Delray Beach Housing Authority breaks ground on affordable housing project

DELRAY BEACH, Fla. — The Delray Beach Housing Authority and its partners broke ground Friday morning on new affordable housing.

“This is a great opportunity for at least 60 of our families to be able to call a place home,” Shirley Erazo, Delray Beach Housing Authority president and CEO, said.

Erzao told WPTV the original plan shifted from selling the units to creating affordable rentals. The project will be funded through a mixture of public and private funds.

Erazo said 18 units will be set aside for work force housing for hometown heroes, like first responders and teachers.

It comes at a time when rents in South Florida have skyrocketed, averaging more than $2,800 in June, a 37% increase year-over-year, according to Realtor.com.

“We have families that we currently subsidize that they have a voucher, the ability to rent a unit with subsidy, and they can’t find it,” Erazo said.

Kaan Pala/WPTV

Shirley Erazo, president and CEO of the Delray Beach Housing Authority, says there are families who have the ability to rent with a subsidy but can’t find a place.

The Island Cove apartments are expected to be completed in the fourth quarter of 2023. But for some families, it’s not only a struggle finding a place to lay their head at night, but also putting food on the table.

Fulvio Palagi, 75, shared his struggles as he picked up a bag of groceries from a Delray Beach nonprofit.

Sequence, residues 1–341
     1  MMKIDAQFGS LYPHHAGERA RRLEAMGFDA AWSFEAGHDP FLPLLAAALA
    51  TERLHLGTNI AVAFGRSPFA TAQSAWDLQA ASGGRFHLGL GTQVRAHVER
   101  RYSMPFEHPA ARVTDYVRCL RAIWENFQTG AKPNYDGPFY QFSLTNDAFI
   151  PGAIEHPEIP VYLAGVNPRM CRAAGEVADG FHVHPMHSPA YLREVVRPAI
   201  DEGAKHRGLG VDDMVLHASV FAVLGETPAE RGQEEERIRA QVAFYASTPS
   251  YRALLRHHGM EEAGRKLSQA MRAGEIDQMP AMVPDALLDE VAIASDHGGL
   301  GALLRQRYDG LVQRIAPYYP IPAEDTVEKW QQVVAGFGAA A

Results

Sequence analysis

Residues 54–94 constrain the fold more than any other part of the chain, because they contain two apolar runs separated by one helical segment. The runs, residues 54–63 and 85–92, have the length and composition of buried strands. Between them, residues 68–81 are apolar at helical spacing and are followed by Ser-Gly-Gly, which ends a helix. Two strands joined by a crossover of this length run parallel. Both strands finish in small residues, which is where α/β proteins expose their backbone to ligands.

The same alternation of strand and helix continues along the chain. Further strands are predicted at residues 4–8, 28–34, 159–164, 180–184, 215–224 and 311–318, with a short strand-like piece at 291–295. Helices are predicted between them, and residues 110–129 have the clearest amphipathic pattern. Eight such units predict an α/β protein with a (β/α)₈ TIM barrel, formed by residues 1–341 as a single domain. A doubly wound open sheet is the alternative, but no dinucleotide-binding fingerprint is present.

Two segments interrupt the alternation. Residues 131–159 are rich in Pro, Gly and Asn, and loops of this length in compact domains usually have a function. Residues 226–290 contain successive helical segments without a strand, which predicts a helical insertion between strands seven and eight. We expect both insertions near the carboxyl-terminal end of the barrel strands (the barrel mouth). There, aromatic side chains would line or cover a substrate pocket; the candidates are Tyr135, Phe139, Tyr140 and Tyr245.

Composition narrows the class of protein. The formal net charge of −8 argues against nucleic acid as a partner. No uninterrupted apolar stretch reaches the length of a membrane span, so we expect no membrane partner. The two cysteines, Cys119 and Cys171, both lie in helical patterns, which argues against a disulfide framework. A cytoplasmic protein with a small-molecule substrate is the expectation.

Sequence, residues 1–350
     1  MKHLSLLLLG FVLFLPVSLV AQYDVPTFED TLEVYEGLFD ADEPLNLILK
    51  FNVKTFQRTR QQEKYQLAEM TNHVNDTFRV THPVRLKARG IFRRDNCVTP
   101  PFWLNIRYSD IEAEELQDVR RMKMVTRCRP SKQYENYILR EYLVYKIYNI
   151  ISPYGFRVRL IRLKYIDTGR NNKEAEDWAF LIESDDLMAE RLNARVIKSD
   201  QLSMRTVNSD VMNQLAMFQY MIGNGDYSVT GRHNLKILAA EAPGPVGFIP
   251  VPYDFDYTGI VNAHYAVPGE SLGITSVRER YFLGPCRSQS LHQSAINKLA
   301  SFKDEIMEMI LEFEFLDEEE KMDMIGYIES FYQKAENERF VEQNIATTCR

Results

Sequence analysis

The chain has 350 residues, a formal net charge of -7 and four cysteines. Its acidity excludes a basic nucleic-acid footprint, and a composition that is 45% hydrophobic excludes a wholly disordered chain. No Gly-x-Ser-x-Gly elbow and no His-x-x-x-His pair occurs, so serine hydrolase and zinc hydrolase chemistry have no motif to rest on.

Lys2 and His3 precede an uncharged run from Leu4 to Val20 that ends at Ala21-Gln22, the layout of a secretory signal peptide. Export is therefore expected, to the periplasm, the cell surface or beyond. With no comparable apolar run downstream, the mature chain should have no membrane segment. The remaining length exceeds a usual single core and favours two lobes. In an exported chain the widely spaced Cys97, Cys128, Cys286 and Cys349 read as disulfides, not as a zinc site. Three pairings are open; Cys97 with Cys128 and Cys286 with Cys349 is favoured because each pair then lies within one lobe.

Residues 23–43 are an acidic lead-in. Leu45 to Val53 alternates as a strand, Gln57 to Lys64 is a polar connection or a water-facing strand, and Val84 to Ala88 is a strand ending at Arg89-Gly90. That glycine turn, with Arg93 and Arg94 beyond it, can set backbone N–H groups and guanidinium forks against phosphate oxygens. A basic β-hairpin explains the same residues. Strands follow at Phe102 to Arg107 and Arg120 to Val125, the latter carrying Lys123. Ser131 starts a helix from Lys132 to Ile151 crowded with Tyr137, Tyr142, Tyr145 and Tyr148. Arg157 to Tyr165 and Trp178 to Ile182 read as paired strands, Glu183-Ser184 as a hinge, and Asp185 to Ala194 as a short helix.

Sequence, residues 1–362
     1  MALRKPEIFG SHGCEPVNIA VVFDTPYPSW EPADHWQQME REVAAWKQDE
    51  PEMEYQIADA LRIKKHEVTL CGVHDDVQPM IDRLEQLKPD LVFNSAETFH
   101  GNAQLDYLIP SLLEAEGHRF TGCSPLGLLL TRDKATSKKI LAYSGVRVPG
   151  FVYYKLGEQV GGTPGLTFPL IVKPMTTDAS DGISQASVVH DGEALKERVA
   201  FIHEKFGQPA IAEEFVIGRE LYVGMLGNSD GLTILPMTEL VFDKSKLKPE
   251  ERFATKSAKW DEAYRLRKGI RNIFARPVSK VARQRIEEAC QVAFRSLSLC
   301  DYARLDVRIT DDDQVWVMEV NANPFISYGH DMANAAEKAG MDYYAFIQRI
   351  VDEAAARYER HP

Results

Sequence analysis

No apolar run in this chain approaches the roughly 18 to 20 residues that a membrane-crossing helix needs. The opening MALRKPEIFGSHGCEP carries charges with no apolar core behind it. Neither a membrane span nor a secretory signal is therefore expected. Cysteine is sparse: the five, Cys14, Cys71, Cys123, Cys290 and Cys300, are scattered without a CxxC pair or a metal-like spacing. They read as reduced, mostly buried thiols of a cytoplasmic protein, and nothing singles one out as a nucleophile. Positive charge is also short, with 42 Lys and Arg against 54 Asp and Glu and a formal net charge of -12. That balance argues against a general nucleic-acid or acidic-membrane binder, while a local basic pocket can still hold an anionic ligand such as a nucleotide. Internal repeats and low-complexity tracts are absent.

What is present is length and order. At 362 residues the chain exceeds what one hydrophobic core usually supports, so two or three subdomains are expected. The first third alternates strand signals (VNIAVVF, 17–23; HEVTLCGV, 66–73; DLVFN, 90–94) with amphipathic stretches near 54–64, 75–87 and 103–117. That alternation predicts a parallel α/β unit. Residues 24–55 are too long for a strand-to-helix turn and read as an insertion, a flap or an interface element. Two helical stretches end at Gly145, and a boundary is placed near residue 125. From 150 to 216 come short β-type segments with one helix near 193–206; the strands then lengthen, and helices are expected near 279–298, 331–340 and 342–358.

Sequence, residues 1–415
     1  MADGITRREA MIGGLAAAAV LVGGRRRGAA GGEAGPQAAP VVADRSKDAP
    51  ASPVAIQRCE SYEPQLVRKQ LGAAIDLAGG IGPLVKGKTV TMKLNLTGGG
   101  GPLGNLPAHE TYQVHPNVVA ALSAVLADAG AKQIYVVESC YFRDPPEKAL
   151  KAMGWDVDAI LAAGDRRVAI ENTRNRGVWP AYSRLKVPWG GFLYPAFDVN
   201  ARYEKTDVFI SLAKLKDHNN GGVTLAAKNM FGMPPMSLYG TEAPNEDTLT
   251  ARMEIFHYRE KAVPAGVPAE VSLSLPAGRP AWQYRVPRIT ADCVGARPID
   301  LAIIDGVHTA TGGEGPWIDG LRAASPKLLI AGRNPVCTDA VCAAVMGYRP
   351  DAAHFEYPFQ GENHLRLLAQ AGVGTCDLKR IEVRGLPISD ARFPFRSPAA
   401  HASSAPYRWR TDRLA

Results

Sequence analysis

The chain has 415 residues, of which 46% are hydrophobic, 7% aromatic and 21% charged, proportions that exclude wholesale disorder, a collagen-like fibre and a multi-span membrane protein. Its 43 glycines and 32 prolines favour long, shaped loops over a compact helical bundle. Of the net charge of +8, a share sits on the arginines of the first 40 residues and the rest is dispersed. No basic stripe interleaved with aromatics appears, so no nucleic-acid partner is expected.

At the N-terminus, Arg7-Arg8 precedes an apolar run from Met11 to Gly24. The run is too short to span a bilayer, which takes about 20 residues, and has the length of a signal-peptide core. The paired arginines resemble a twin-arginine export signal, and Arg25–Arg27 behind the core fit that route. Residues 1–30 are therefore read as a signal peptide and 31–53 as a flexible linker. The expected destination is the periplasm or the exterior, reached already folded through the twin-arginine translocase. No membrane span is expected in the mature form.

“All of the groceries are very, very expensive,” Palagi said. “It’s very hard to pay for groceries. It goes up so much.”

Like so many, Palagi said inflation and the increasing cost of food has hit his wallet.

Data from the US Bureau of Labor and Statistics shows meats, poultry, fish and eggs increased by 40% in the month of May over the last two years. Dairy is up by 20%.

“I try to look for the deal,” Palagi said.

Fulvio Palagi, 75, goes to Eat Better Live Better for bag of groceries, Aug. 5, 2022.

Kaan Pala/WPTV

Fulvio Palagi, 75, is struggling to afford groceries, so he gets help from Debra Tendrich’s nonprofit Eat Better Live Better.

The inflation is also impacting nonprofits like Debra Tendrich’s Eat Better Live Better, where 300 families, including Palagi’s, will get a bag of groceries.

“Our costs and the amount of families have gone up probably about 30% and it’s on a steady incline,” Tendrich said. “The face of hunger has changed. You know, now it’s the working families and families who are on fixed income, and there’s no wiggle in their income to adjust to these rising costs.”

The Delray Beach Housing Authority is not accepting applications for the Island Cove apartments at this time.

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